Is Intelligence a Burden?

Recently I’ve been getting annoyed.

At people.

I seem to be having a lot of conversations recently in which people just don’t think. It’s not that they aren’t capable of intelligent thought, they just aren’t willing to suffer the pain of a bit of mental effort.

Without trying to sound like I’m bragging, I’m someone who’s not only smart (I have a pretty high IQ and also rate fairly highly in some of the other intelligences) but I’m also willing to suffer the pain of mental effort.

What does that mean? Well, this week I’ve been dealing with intellectual property and I wrote a letter of amendment for a work contract I have. I spent an hour writing one paragraph just to make sure that it was exactly right. There were no ‘yeah, buts’, ‘how ’bouts’ or ‘what ifs’ when I was done with it. It was clear. It said exactly (yes, that is underlined bold italics) what it needed to say, nothing more, nothing less.

I spent an hour writing that one paragraph.

And the response I got was: “X & I have read through the letter and we’re slightly confused with the paragraph that you’ve written.”

Now, it was a slightly wordy paragraph, I admit that. But it doesn’t take a genius to understand it (my dad read it once and got it straight away) – only the willingness to read, re-read, consider and think about what it said. That’s mental effort.

And it pisses me off when people don’t think.

A Circus Quandary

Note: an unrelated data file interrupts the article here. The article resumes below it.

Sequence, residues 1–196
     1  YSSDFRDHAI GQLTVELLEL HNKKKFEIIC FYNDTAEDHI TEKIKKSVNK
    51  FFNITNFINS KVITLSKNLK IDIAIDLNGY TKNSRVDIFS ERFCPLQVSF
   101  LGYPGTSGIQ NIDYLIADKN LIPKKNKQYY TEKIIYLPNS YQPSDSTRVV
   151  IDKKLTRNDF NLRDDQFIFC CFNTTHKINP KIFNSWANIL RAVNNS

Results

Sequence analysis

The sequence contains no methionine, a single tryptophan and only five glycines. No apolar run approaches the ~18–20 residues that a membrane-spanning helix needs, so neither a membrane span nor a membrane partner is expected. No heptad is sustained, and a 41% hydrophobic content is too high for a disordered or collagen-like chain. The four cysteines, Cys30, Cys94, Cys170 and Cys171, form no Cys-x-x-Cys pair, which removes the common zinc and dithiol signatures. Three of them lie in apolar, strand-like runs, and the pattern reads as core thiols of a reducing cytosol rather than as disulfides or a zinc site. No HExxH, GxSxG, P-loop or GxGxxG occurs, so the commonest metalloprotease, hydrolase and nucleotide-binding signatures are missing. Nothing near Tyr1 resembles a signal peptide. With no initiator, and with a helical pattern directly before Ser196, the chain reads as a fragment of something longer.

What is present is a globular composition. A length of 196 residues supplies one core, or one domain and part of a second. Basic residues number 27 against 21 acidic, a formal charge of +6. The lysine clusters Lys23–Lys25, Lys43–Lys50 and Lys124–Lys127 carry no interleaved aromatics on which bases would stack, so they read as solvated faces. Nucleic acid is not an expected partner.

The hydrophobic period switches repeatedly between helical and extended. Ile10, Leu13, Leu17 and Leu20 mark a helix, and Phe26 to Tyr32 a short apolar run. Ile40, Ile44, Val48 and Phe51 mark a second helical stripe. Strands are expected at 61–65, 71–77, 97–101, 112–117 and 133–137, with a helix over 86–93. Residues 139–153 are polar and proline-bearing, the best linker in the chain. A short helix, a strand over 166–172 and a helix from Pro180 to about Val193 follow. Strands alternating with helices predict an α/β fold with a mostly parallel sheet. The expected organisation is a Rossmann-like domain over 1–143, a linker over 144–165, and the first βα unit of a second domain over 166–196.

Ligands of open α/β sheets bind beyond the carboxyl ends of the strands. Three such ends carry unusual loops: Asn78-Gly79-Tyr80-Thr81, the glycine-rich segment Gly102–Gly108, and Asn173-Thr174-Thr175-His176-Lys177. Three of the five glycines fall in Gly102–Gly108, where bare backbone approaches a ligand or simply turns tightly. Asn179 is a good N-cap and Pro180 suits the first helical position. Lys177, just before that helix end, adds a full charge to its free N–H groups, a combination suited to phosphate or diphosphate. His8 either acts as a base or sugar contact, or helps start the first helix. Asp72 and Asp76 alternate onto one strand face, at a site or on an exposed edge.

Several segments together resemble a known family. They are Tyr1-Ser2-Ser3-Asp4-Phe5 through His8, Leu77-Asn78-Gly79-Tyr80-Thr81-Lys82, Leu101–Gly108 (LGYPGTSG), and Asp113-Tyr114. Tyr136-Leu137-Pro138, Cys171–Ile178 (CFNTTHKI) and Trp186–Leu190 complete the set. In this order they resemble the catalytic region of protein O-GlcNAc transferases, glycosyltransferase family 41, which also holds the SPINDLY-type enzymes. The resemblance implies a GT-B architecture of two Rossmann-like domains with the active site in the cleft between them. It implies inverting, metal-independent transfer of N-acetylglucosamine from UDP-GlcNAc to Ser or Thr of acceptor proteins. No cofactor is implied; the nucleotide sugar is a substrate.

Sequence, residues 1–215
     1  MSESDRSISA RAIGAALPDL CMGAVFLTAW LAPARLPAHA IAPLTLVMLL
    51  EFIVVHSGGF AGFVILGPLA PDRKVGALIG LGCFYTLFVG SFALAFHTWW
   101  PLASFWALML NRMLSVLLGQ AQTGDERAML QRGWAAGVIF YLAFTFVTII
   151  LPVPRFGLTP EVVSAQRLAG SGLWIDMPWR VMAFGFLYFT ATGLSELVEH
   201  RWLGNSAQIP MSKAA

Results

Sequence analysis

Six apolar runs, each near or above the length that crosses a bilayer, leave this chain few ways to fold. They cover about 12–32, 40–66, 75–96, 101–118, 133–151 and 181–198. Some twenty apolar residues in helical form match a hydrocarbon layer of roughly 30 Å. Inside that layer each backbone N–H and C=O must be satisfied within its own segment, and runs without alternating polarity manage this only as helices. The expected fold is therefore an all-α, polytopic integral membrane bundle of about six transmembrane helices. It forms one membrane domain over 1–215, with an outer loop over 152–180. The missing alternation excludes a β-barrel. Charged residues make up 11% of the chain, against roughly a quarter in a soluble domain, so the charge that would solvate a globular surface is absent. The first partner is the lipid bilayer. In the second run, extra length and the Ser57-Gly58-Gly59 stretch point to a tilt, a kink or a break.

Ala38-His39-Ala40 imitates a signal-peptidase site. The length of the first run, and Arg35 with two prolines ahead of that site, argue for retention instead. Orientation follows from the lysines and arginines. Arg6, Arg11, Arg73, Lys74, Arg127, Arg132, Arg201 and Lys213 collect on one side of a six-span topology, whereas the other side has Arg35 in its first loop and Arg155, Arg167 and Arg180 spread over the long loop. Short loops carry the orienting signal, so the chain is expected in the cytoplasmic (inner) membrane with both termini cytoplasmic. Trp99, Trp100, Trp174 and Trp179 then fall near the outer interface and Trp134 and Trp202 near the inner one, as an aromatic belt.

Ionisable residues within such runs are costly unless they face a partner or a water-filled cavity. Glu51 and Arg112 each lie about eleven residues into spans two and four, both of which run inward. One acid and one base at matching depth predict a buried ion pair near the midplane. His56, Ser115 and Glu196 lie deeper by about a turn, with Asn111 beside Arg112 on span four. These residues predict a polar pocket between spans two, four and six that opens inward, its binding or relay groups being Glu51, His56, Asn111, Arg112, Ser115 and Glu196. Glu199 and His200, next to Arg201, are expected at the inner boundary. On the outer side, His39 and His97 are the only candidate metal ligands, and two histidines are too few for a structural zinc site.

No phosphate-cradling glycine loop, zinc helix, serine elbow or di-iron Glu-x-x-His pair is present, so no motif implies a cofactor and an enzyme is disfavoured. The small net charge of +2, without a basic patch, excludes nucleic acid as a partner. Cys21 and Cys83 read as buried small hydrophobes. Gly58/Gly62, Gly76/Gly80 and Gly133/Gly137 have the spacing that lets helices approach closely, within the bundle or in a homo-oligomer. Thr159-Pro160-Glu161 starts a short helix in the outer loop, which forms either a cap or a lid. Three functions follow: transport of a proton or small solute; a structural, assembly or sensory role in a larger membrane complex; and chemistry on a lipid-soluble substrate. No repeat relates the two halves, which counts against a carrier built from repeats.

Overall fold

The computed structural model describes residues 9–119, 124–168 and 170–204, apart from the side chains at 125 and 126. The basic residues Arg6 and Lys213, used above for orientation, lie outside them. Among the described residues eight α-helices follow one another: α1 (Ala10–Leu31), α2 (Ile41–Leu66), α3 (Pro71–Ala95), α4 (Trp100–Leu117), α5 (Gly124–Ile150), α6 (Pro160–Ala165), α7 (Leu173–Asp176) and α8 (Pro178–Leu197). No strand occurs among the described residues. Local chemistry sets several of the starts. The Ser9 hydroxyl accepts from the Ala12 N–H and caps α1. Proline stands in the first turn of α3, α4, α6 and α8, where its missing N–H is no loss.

Recently I’ve been in a quandary.

I’ve been working on a couple of developmental circus projects at work and I’ve found myself holding back. Why? Because anything I say or write or create isn’t mine.

My employment contract states that anything I create or develop will be the exclusive property of my employer. That’s standard enough, and when I agreed to it it wasn’t an issue. However, with these two new projects, I feel I have a certain background and certain experiences that the rest of the development team do not. I want to give myself fully – my thoughts, my ideas, my designs, my opinions – and I want to create something exceptional – and I definitely do not want to delivery something that is rubbish – but I don’t want to give away ideas and designs that could potentially be my future.

Intellectual Property is an interesting thing. You can’t see it, you can’t touch it, but you can own it and you can give it away. In fact, unless you say it or write it down it doesn’t even exist.

Today, I had a conversation with someone that has a lot of experience with dealing with intellectual property. It turns out that my current quandary is actually very simple.

I need to have a conversation.

I need to have a conversation about my intellectual property and the rights to my intellectual property. Because the fact of the matter is that I’m not going to give away what could potentially be a future business venture for me. I could be creating what I’m going to do over the next 20 or 30 years and I’m not going to hand it over without retaining the rights to what I create.

I need to have a conversation.

Thankfully, the people I need to have the conversation with are very open and willing to have this kind of conversation. And I expect that if I approach them we will be able to agree some kind of ‘royalty-free license’ so that we can both benefit from our work together.

So it turns out that my quandary is not a quandary after all. It was just a concern that I can resolve in a conversation.

Everything can be resolved in communication.